Science community rallies support to save Madagascar’s natural riches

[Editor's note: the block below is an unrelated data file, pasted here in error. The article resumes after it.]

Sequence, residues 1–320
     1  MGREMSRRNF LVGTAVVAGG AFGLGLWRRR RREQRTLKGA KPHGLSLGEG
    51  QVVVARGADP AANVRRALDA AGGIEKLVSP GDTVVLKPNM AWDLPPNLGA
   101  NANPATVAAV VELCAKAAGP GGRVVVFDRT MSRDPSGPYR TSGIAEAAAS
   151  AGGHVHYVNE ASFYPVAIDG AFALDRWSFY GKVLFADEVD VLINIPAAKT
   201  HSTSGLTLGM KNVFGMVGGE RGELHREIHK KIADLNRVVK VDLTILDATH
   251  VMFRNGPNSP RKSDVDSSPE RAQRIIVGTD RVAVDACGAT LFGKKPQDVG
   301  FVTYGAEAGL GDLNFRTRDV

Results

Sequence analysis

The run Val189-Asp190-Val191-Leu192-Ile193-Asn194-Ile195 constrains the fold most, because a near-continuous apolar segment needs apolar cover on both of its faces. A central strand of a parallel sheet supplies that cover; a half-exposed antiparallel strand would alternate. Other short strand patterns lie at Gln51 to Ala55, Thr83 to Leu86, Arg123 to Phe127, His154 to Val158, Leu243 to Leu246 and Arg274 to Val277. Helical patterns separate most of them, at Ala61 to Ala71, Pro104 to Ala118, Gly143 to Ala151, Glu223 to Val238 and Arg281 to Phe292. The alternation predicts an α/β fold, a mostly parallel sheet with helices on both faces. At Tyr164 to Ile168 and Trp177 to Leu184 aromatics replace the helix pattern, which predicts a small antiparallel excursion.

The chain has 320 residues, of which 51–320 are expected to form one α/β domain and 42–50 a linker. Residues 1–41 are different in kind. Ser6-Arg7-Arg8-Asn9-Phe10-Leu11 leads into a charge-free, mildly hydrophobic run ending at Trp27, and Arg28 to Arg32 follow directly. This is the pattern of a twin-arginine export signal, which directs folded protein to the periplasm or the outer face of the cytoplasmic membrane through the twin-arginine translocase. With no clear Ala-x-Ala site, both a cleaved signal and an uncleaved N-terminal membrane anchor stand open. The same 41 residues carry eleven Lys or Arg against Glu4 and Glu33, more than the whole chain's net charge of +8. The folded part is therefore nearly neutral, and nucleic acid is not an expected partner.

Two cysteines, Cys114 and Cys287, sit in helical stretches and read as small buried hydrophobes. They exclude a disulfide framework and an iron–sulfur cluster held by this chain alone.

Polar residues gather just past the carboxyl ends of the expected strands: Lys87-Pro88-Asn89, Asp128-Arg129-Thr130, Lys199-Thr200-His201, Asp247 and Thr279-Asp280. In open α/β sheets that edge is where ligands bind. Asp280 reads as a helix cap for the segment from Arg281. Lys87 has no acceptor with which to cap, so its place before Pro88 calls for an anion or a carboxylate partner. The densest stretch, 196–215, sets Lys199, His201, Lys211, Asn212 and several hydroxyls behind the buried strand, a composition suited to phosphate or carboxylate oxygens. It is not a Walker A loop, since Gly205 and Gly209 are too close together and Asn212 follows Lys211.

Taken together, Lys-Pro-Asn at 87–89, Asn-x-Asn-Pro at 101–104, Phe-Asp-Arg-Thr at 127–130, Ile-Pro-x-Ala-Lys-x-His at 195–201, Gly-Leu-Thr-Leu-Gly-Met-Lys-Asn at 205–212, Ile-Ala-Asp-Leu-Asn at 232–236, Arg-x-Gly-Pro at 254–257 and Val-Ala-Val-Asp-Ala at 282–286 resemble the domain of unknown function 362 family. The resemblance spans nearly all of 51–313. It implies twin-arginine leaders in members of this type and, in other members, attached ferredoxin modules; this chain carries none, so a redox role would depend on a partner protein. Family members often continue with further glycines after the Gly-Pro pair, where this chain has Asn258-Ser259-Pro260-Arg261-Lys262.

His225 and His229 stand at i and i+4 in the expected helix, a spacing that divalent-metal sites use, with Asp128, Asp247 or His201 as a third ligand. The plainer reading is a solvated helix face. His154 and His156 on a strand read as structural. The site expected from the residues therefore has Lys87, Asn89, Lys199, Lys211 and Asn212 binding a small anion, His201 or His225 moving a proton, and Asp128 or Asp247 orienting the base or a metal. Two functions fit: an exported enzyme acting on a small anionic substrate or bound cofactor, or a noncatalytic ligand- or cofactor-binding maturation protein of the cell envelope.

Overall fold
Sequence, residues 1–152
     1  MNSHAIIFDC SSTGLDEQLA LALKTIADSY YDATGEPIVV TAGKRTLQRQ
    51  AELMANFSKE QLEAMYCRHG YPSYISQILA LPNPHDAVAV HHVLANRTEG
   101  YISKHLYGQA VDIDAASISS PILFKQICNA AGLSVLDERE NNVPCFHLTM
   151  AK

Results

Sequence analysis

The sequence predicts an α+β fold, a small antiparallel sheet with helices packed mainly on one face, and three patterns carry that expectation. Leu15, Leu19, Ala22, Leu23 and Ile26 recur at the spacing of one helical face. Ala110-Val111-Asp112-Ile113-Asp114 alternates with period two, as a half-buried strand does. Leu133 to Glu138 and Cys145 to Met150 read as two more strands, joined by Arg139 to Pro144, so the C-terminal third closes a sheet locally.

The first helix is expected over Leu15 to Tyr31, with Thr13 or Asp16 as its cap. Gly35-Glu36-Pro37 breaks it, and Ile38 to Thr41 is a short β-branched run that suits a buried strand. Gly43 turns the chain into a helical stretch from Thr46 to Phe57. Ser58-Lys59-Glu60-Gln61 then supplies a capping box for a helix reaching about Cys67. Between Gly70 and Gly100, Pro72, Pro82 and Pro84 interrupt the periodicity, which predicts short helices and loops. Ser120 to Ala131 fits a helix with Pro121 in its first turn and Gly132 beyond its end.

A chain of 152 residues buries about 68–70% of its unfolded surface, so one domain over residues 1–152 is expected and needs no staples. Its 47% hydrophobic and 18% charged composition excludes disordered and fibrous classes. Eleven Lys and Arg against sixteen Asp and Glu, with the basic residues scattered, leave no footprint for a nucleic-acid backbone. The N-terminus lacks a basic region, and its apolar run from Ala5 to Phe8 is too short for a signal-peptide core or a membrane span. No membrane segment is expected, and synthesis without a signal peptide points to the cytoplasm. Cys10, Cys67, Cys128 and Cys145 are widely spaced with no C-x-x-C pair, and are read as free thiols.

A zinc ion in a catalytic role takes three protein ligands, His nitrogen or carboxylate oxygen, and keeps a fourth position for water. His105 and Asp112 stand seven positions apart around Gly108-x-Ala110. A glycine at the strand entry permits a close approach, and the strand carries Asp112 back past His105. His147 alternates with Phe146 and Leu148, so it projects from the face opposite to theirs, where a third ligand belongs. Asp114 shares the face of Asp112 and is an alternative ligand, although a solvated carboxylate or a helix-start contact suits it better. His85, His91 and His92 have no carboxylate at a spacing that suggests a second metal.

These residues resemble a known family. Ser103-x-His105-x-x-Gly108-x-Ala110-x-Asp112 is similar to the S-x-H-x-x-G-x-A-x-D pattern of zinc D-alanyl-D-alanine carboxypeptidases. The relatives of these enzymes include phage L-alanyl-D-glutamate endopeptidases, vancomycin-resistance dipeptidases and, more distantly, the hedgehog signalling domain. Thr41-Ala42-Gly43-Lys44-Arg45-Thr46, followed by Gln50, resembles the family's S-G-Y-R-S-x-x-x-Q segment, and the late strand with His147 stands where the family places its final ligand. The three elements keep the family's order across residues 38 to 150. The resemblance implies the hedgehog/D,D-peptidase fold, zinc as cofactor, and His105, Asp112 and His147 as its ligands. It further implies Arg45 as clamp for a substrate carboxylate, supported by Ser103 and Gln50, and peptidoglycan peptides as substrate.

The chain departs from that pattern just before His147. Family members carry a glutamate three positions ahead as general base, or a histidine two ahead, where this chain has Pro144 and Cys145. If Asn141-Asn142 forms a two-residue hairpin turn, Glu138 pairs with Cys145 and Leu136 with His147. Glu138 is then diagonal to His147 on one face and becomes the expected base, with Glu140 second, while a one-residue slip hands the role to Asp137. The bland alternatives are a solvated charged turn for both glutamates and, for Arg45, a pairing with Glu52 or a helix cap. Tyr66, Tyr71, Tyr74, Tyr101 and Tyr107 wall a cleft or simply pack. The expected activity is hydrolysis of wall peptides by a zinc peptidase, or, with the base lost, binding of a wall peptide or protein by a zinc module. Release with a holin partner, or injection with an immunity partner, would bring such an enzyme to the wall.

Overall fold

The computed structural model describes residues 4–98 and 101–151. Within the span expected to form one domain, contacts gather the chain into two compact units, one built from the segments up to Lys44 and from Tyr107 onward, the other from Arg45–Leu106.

first_imgMadagascar is set to host the Association of Tropical Biology and Conservation’s 56th annual meeting in July.The organizers have launched a petition to garner support for urgent actions that must be taken to preserve the island nation’s unique biodiversity.The petition will be presented to the country’s president, who has been invited to sign it and recognize it as the Declaration of Ivato, after the site where the meeting will take place.The document, available in four languages, can be accessed online until Aug. 2. As Madagascar prepares to host a major conservation summit next month, the organizer has launched a petition to call attention to the threats faced by the island nation’s unique biodiversity and its people.Delegates from more than 50 countries are expected to attend the Association of Tropical Biology and Conservation’s (ATBC) 56th annual meeting that runs from July 31 to Aug. 3 at the Ivato International Convention Centre in the capital, Antananarivo. Madagascar President Andry Rajoelina has been invited to sign the petition at the closing of the conference so that it can be instituted as the Declaration of Ivato.The petition is an attempt by the scientific community to shine a light on concerns that were laid out in a commentary published in Nature Sustainability in May and recommend actions for the government and key stakeholders. It highlights the unique place that Madagascar occupies as the oldest island in the world and home to unique species that are weird and wonderful — but also severely threatened.A Madagascar kingfisher (Alcedo vintsioides). Credit: Rhett A. ButlerMadagascar’s astonishing variety of plant and animal species, an estimated 90 percent of which are found nowhere else on Earth, is a result of its isolation for tens of millions of years. This allowed evolutionary forces to shape the biota unfettered. The country hosts more than a hundred species of enigmatic lemurs and lesser-known but equally remarkable reptile and amphibian species.Most of these species are endangered by unbridled forest loss, habitat degradation, fragmentation, and wildlife trafficking. In 2018, Madagascar lost 2 percent of its primary rainforests, the largest proportion of any country in the world. The remaining forests are severely fragmented, about half of them now located less than 100 meters (330 feet) from a forest boundary.The installation of a new government under Rajoelina this year raised hopes that a degree of political stability could help stem the environmental destruction. During Rajoelina’s previous stint as president, from 2009 to 2014, when he came to power on the back of a coup d’état, the country experienced a period of unchecked natural resource exploitation.The ATBC, in its petition, acknowledges the reality of conservation in a country that’s one of the poorest in Africa, with 75% people living below the poverty line in 2018, and suffers high rates of child malnutrition. “Conservation of biodiversity must therefore contribute to, not detract from, efforts of the country to develop economically,” it says.It emphasizes the need to safeguard Madagascar’s natural heritage and make it the basis for its economic recovery, a key challenge for the current president. “This will be a crucial opportunity to underline to the nation’s political and economic leaders the views of the national and international scientific and conservation communities, specifically the importance of the island’s natural patrimony at a global level and the need for new decisive actions,” the petition says.Kids from the Vezo community in Madagascar dancing atop a sand dune. Credit: Rhett A. ButlerIt lists five urgent actions to save the forests and biodiversity and secure the people’s future: tackling environmental crime, investing in Madagascar’s protected areas, ensuring that major infrastructure developments limit impacts on biodiversity, strengthening tenure rights for local people over natural resources, and addressing Madagascar’s growing fuelwood crisis.According to the World Bank, only about 20% of Malagasy households have access to electricity, and the percentage is even lower in rural areas forcing people to turn to forests for their energy needs. A majority of households rely on firewood or charcoal for cooking. As the population swells, between 2007 and 2017 the country’s population grew by over 6 million people, the pressure on forests will only intensify.The ATBC targets 2500 signatures* for the petition; as of June 24 more than 800 people had already signed it. The hope is to garner even more signatures and support from across the world to lean on the Malagasy government to act. The petition is available in English, French, Spanish and Malagasy, and will be live until Aug. 2.Banner Image: A female black lemur in Nosy Komba island in Madagascar, 2012. Credit: Rhett A. Butler[*Editor’s Note: The article has been updated to reflect a change in the target number of signatures for the petition.]Malavika Vyawahare is the Madagascar staff writer for Mongabay. Find her on Twitter: @MalavikaVyFEEDBACK: Use this form to send a message to the author of this post. If you want to post a public comment, you can do that at the bottom of the page. Biodiversity, Conservation, Deforestation, Endangered Species, Energy, Environment, Forests, Protected Areas, Rainforests, Tropical Forests, Wildlife, Wildlife Trade Popular in the CommunitySponsoredSponsoredOrangutan found tortured and decapitated prompts Indonesia probeEMGIES17 Jan, 2018We will never know the full extent of what this poor Orangutan went through before he died, the same must be done to this evil perpetrator(s) they don’t deserve the air that they breathe this has truly upset me and I wonder for the future for these wonderful creatures. So called ‘Mankind’ has a lot to answer for we are the only ones ruining this world I prefer animals to humans any day of the week.What makes community ecotourism succeed? In Madagascar, location, location, locationScissors1dOther countries should also learn and try to incorporateWhy you should care about the current wave of mass extinctions (commentary)Processor1 DecAfter all, there is no infinite anything in the whole galaxy!Infinite stupidity, right here on earth.The wildlife trade threatens people and animals alike (commentary)Anchor3dUnfortunately I feel The Chinese have no compassion for any living animal. They are a cruel country that as we knowneatbeverything that moves and do not humanily kill these poor animals and insects. They have no health and safety on their markets and they then contract these diseases. Maybe its karma maybe they should look at the way they live and stop using animals for all there so called remedies. DisgustingConservationists welcome China’s wildlife trade banThobolo27 JanChina has consistently been the worlds worst, “ Face of Evil “ in regards our planets flora and fauna survival. In some ways, this is nature trying to fight back. This ban is great, but the rest of the world just cannot allow it to be temporary, because history has demonstrated that once this coronavirus passes, they will in all likelihood, simply revert to been the planets worst Ecco Terrorists. Let’s simply not allow this to happen! How and why they have been able to degrade this planets iconic species, rape the planets rivers, oceans and forests, with apparent impunity, is just mind boggling! Please no more.Probing rural poachers in Africa: Why do they poach?Carrot3dOne day I feel like animals will be more scarce, and I agree with one of my friends, they said that poaching will take over the world, but I also hope notUpset about Amazon fires last year? Focus on deforestation this year (commentary)Bullhorn4dLies and more leisSponsoredSponsoredCoke is again the biggest culprit behind plastic waste in the PhilippinesGrapes7 NovOnce again the article blames companies for the actions of individuals. It is individuals that buy these products, it is individuals that dispose of them improperly. If we want to change it, we have to change, not just create bad guys to blame.Brazilian response to Bolsonaro policies and Amazon fires growsCar4 SepThank you for this excellent report. I feel overwhelmed by the ecocidal intent of the Bolsonaro government in the name of ‘developing’ their ‘God-given’ resources.U.S. allocates first of $30M in grants for forest conservation in SumatraPlanet4dcarrot hella thick ;)Melting Arctic sea ice may be altering winds, weather at equator: studyleftylarry30 JanThe Arctic sea ice seems to be recovering this winter as per the last 10-12 years, good news.Malaysia has the world’s highest deforestation rate, reveals Google forest mapBone27 Sep, 2018Who you’re trying to fool with selective data revelation?You can’t hide the truth if you show historical deforestation for all countries, especially in Europe from 1800s to this day. WorldBank has a good wholesome data on this.Mass tree planting along India’s Cauvery River has scientists worriedSurendra Nekkanti23 JanHi Mongabay. Good effort trying to be objective in this article. I would like to give a constructive feedback which could help in clearing things up.1. It is mentioned that planting trees in village common lands will have negative affects socially and ecologically. There is no need to even have to agree or disagree with it, because, you also mentioned the fact that Cauvery Calling aims to plant trees only in the private lands of the farmers. So, plantation in the common lands doesn’t come into the picture.2.I don’t see that the ecologists are totally against this project, but just they they have some concerns, mainly in terms of what species of trees will be planted. And because there was no direct communication between the ecologists and Isha Foundation, it was not possible for them to address the concerns. As you seem to have spoken with an Isha spokesperson, if you could connect the concerned parties, it would be great, because I see that the ecologists are genuinely interested in making sure things are done the right way.May we all come together and make things happen.Rare Amazon bush dogs caught on camera in BoliviaCarrot1 Feba very good iniciative to be fallowed by the ranchers all overSponsoredcenter_img Article published by malavikavyawaharelast_img read more